HARRISBURG -- Several hundred laborers converged on the Capitol steps at noon to stand in solidarity with their union brethren in Wisconsin, where Republicans are seeking to revoke collective bargaining rights.
Auto workers, teachers, electricians, postal workers and railroad workers banded together, chanting "We are one," and carrying signs with messages such as "Save the American dream" while "We Shall Overcome" -- the signature song of civil rights activists -- played over a loudspeaker.
"We are here to stand in solidarity with Wisconsin workers and American families everywhere," said Michael Morrill of Keystone Progress, the advocacy group that organized the rally. "Right now the American dream is slipping away for millions of us, and we're here today to say enough is enough. It's time for our government to work for us, and not just corporations and millionaires."
Similar rallies were held simultaneously in Pittsburgh, Philadelphia and at state capitols and major cities throughout the country.
Some Harrisburg rally goers aimed to send a message to Pennsylvania Gov. Tom Corbett that they will not stand for Pennsylvania union rights to be trampled. Mr. Morrill said laborers worry that Wisconsin's anti-union legislation will spread to other states.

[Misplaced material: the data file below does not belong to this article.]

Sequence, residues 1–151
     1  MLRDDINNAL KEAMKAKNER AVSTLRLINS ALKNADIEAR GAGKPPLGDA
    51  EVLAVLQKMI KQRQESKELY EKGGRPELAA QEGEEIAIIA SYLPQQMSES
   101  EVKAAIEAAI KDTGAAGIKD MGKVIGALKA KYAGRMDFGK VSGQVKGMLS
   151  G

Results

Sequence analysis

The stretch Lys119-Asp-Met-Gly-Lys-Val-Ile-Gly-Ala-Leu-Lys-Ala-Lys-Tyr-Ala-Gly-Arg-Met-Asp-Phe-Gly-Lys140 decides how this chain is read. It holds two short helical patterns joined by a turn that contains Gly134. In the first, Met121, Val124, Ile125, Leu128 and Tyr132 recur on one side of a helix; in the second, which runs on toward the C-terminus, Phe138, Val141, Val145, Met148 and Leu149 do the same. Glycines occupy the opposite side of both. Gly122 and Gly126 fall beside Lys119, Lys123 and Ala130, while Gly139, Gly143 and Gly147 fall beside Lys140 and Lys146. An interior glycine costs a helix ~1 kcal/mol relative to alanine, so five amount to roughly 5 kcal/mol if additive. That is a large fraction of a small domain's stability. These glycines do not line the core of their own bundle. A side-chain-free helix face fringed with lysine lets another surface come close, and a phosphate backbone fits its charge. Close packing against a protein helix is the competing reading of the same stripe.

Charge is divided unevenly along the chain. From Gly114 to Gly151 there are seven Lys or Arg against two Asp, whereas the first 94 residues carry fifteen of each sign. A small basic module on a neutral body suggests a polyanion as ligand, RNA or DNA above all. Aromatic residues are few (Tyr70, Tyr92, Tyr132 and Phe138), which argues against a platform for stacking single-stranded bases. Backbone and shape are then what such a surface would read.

"We just want to let the governor know that this is not going to be tolerated in Pennsylvania," he said.
Most at the rally, though, said their main objective was to show support for unionized workers in Wisconsin.
"People need to stand up together for one another. That's why we're here," said Boh Wittle, a postal worker from Perry County, who attended with his wife.
In the crowd, one woman carried a "Wisconsylvania" sign. Nearby, a man wore a Wisconsin sweatshirt and others later chanted, "We are Wisconsin," a play on the football rally cry "We are Penn State."
Across the street, about 40 counter-protesters used whistles and bullhorns to try to drown out the pro-union rally. Most identified themselves as tea partiers.
"The people of Wisconsin want to balance their state budget," and collective bargaining impedes that by resulting in higher wages for government workers, said Kurt A. Snavely of Hershey, who joined the counter-protest.
"There's no more money to pay the bills. There's just no more money," he said. "You can't run up debt forever."
Tracie Mauriello: email@example.com